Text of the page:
I can’t imagine doing all of this while parenting small children or having a significant caring responsibility for an elderly or sick relative or being in poor health myself, it must be so tough. Seriously if you’re thinking of this for yourself for next year, give it some really good, long hard thought as it really isn’t an easy ride. Make sure that the PGCE is the right route into teaching for you and make sure that this is the right time for you to be making this career move, make sure you have the time and the energy, the support and the right level of commitment because it’s a hard intensive slog.

For people who have had high levels of teaching from early on in their placement and those who have taken on paid teaching jobs and have a higher level of responsibility with that it must be even harder and I can only applaud them for coping. But I do get it, the goal is to get a teaching job, if that opportunity presents itself while you are training then it would be a tough one to turn down.

I am a big fan of the PGCE or at least some pre-service teacher training to prepare for life as a teacher and I’ll blog about that towards the end but even though I’m a fan of it and would highly recommend it I am not willing to put anyone under any false illusion that it’s easy or the best route for everyone.

Think the process through, think your opportunities through and weigh them up before being eager to rush in. If someone had offered me a 30 hour teaching contract in November I would have jumped at it and it would have been a huge mistake for me because I know that I would be in serious trouble now trying to cope. I would have probably dropped a level for sure at least.

I probably would be second thinking the need to complete the course…”I’ve got a teaching job without it so what’s the point?” that logic might have crept in. But I’d be thousands of pounds in debt for something I bought but never took delivery of and that would be senseless so I’d be under pressure to continue and complete and probably down on myself for not giving it my all.

It’s not just the course and placement and work, there are things happening in my children’s lives which need attention and there are things in my own life which need attention and they are often on the back burner for a little longer than they should be. Fortunately the kids are old enough to understand but do consider if the people around you will be supportive and understanding and help you rather than hinder you through this big step. Think about a partner or spouse, kids, friends even who might not take too well to a year of trying to talk to someone with their head buried in a book or who might begin to tire of being guinea pigs for your latest fantastic lesson idea. You have to consider the impact of the commitment to study and the commitment to teaching and all that entails during and outside of working hours on the people who should be your support at home. Some relationships can falter simply because you’re learning something new, you’re speaking a different language you’re interested in and focused on something that might not be a common interest and that can sometimes cause unanticipated problems.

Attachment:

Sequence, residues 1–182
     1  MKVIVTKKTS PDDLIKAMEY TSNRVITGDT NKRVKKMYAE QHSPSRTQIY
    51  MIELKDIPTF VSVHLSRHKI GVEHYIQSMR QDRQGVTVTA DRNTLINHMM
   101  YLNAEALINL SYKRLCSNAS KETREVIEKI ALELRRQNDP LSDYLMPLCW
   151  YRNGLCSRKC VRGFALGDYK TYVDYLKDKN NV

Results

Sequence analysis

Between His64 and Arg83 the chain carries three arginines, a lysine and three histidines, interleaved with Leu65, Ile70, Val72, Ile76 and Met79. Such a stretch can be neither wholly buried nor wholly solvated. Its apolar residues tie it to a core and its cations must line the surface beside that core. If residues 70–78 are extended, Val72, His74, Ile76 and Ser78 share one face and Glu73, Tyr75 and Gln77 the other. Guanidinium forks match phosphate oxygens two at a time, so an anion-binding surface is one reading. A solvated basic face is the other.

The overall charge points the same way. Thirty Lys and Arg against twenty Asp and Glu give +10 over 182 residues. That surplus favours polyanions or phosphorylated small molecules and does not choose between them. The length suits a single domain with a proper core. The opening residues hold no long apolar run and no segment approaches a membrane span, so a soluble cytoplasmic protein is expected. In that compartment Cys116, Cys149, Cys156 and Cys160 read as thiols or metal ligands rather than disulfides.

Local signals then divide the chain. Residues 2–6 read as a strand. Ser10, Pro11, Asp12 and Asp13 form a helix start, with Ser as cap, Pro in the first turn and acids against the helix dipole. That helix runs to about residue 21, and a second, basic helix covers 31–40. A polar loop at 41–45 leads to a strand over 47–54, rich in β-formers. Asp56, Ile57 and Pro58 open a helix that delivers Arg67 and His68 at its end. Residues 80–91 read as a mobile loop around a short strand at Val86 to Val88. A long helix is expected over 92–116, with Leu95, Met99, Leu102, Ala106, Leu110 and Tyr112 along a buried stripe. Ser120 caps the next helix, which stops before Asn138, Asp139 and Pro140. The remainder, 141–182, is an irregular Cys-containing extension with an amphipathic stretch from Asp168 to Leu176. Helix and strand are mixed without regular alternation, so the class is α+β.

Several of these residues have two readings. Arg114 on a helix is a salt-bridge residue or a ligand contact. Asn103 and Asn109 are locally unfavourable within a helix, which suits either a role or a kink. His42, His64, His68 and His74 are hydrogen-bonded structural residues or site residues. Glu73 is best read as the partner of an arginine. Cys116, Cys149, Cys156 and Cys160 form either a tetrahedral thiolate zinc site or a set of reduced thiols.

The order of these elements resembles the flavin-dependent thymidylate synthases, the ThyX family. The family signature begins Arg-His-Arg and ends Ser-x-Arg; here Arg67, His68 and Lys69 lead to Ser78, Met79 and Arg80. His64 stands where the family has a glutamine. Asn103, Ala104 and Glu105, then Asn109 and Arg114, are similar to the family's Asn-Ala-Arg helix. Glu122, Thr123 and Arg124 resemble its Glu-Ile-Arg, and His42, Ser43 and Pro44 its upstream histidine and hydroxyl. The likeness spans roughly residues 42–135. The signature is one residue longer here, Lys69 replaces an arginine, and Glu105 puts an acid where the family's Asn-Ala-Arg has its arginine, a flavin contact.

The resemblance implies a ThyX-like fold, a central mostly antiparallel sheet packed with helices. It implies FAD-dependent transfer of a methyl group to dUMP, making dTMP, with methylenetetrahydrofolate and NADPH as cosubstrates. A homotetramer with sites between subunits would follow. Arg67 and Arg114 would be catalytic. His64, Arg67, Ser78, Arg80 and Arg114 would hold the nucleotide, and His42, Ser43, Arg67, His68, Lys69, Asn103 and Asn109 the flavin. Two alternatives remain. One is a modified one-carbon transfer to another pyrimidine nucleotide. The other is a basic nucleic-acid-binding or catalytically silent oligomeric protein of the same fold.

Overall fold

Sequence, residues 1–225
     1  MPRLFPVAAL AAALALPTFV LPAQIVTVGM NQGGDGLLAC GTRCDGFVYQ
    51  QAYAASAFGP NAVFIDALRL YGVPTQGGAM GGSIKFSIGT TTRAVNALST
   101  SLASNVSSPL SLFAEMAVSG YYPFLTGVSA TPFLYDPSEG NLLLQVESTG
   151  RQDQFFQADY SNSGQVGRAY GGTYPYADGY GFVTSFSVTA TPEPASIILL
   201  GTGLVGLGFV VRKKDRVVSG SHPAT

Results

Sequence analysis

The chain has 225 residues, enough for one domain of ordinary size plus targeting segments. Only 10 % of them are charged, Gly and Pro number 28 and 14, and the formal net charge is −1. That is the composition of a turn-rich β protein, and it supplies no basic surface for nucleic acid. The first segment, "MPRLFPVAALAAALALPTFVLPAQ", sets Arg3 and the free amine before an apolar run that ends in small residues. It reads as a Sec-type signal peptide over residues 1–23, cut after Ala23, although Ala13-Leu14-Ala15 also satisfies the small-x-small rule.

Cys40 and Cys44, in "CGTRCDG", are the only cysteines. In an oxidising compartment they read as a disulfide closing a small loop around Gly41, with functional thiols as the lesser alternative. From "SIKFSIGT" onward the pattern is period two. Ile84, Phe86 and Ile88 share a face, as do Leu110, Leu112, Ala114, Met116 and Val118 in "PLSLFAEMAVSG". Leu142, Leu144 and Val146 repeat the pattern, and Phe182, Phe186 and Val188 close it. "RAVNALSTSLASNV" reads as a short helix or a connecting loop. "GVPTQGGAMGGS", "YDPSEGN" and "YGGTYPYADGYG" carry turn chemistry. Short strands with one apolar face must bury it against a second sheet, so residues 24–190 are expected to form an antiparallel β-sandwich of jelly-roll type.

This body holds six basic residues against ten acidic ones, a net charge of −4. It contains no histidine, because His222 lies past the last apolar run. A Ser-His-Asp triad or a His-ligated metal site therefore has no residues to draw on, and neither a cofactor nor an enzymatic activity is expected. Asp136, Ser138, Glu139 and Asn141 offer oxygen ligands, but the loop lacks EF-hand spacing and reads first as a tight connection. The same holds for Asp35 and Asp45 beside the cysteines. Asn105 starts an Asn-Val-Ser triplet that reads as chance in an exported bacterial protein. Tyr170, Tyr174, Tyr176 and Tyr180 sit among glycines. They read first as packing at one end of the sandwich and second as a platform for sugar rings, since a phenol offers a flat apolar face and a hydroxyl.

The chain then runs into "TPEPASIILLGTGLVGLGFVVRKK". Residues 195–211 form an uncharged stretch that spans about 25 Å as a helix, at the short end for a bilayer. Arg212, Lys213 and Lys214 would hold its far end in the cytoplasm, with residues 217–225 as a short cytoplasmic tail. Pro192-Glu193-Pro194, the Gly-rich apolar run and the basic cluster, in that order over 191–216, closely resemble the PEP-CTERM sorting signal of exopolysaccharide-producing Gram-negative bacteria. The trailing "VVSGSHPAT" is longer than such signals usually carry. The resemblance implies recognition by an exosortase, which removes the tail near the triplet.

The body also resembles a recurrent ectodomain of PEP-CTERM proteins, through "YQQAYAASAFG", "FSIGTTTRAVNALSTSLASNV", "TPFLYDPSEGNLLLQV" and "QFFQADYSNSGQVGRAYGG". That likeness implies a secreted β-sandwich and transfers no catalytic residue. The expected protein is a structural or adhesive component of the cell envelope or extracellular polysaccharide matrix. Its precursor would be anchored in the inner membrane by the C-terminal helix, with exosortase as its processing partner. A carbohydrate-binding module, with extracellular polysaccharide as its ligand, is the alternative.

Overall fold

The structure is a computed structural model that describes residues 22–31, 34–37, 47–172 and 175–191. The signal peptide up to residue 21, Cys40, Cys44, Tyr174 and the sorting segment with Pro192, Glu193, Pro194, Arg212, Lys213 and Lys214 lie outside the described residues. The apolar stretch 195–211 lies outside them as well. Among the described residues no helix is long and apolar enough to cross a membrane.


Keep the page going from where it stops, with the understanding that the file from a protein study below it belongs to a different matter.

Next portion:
Know your limitations and set yourself realistic goals, keep organised, set tight deadlines and you’ll make it through but don’t expect it to be the walk in the park that you might have imagined. It might be easier for someone younger and more mentally fresh and physically alert but then on the other hand as an older person you might have more experience of working long hours, going without sleep, acting professionally on auto pilot and of good systems for self management which make life easier. There are pros and cons to all perspectives. Just be sure to really seriously give it some thought before you start on the path.

It’s not a volunteer job, it’s not easy study, a PGCE is demanding in many ways and it’s best to consider all of the possible implications now and make sure that you’re prepared for it. Don’t just do it because it’s something to do, don’t do it because it’s the only funded post grad course you can find, you have to want to be a teacher or you will sink under the demands of the role, you have to want to get the most out of it or you will sink under the paperwork.

It’s a great course and a fantastic experience just don’t take the decision lightly it’s tough in so many ways and you need to be prepared for that. Places on PGCE courses are in high demand, don’t take one up for the wrong reasons or if you don’t think you can see it through. Sometimes we have to be true to ourselves and exercise some social conscience too.